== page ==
On the number of inspections, which were scheduled every 30 tu, nine occurred for block A [30, 60, 90, 120, 150, 180, 210, 240, 270] and eight for block D. Block D did not get inspected at 150 because block D was undergoing a PM action at that time.
Figure 11 shows the crew results.
Figure 11: Crew results
Crew A received a total of six calls and accepted three. Specifically,
The total wait time is the time that blocks had to wait for the maintenance crew. Block F is the only component that waited, waiting 38 tu for crew A. Also, the costs for crew A were 1 per unit time and 10 per incident, thus the total costs were 30 + 100. The costs for crew B were 2 per unit time and 20 per incident, thus the total costs were 40 + 156.
Figure 12 shows the spare part pool results. The pool started with a stock level of 1 and ended up with 2. Specifically:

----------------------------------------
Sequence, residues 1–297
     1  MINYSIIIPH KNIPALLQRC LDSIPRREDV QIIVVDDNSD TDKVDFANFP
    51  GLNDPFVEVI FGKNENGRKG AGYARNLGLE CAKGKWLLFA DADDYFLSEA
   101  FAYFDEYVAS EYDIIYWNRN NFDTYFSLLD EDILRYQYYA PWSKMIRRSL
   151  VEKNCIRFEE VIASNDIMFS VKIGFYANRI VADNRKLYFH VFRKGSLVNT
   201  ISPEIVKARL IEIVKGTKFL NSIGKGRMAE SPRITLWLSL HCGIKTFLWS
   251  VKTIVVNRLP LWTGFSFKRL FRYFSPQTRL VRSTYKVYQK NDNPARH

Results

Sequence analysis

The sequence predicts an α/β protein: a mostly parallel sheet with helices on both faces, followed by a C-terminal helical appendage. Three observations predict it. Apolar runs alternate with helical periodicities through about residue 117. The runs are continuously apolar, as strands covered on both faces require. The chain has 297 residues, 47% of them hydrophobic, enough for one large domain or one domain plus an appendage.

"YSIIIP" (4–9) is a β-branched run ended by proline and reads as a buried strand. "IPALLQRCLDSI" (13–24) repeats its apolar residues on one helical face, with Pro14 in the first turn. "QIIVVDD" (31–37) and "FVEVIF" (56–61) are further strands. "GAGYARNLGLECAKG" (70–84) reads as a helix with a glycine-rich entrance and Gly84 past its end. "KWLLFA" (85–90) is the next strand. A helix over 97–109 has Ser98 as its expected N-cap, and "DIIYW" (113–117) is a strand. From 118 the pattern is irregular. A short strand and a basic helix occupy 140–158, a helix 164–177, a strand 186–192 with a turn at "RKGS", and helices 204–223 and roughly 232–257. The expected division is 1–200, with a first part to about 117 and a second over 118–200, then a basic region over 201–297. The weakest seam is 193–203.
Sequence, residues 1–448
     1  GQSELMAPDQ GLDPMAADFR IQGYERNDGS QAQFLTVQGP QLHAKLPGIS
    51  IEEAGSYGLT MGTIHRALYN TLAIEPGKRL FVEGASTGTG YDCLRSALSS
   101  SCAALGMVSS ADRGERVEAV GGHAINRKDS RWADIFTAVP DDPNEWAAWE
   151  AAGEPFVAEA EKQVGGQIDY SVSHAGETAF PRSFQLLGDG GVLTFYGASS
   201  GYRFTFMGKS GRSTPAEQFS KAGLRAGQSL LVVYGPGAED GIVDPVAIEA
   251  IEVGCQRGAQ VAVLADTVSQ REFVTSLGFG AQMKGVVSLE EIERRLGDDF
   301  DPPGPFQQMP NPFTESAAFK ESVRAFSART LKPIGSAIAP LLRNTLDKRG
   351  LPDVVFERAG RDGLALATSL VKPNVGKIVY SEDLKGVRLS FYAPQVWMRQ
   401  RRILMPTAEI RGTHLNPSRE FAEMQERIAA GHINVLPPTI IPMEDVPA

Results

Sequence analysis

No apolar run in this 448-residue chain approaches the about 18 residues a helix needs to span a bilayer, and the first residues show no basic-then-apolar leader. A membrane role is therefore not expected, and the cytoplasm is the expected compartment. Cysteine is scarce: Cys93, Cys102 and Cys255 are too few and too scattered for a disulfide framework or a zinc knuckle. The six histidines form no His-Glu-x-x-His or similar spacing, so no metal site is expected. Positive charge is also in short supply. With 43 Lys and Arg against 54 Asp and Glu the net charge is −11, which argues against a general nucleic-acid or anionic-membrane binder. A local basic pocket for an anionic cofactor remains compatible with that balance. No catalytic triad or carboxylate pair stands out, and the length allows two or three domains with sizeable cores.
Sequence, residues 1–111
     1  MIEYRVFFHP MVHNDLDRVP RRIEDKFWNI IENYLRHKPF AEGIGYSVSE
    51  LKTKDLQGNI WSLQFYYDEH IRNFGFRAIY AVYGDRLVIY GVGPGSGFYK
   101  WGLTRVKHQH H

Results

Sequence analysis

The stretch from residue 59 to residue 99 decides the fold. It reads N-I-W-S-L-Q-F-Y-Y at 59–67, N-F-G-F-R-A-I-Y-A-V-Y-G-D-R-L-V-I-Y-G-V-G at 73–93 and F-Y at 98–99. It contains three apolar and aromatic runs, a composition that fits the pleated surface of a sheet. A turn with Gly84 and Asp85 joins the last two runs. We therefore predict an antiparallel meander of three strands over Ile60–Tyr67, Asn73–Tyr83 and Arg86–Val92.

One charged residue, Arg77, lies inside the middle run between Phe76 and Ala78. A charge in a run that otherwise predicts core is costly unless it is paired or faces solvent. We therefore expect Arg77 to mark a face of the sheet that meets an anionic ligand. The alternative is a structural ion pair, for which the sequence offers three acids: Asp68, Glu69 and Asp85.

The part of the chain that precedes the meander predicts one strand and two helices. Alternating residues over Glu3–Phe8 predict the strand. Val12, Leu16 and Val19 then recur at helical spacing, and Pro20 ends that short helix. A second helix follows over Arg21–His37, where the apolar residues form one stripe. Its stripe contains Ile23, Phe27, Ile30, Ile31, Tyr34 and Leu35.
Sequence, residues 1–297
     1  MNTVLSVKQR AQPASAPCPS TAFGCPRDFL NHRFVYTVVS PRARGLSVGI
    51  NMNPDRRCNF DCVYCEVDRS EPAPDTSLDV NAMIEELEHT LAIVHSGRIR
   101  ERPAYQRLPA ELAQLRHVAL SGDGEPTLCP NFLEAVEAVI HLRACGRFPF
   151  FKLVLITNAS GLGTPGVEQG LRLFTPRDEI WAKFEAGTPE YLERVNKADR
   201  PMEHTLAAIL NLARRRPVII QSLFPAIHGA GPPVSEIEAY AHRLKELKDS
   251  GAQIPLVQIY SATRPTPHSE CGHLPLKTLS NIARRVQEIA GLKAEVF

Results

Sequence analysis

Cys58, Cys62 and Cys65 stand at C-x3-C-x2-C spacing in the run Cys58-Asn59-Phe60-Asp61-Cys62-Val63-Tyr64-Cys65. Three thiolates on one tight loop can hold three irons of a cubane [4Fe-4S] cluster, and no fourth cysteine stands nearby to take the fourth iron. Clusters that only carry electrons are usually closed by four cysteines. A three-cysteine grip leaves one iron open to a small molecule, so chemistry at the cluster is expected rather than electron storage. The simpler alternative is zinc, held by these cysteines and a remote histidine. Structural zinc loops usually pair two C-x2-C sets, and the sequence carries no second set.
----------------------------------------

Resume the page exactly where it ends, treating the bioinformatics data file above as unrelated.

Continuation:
Overall, five parts were dispensed. Blocks had to wait a total of 126 tu to receive parts (B : 181 - 161 = 20, C : 181 - 162 = 19, D : 150 - 121 = 29 and F : 221 - 163 = 58).
Figure 12: Pool details
To illustrate some special cases that one needs to be aware of, consider the following diagram.
In this diagram, blocks A and D have the same properties as before, with the exception that the inspection duration is now set to zero. Furthermore, recall the rule that only one event is executed in the case of simultaneous events. In this case and when block A fails, the inspection on block A at 120 will find the failure of A, which will then trigger a PM event on block D at the same instant that D also gets an inspection. This causes two simultaneous events on block D. This will result in the cancellation of the PM event on block D. The reason for the cancellation is to avoid the recursive situation where the PM on D would trigger a PM on A, which is undergoing CM, which would trigger a PM on D and so forth. Different options can be used to avoid this. One is to assign a non-zero inspection duration. In this case, the PM on block D would get triggered after the inspection on block A, as seen in the prior example.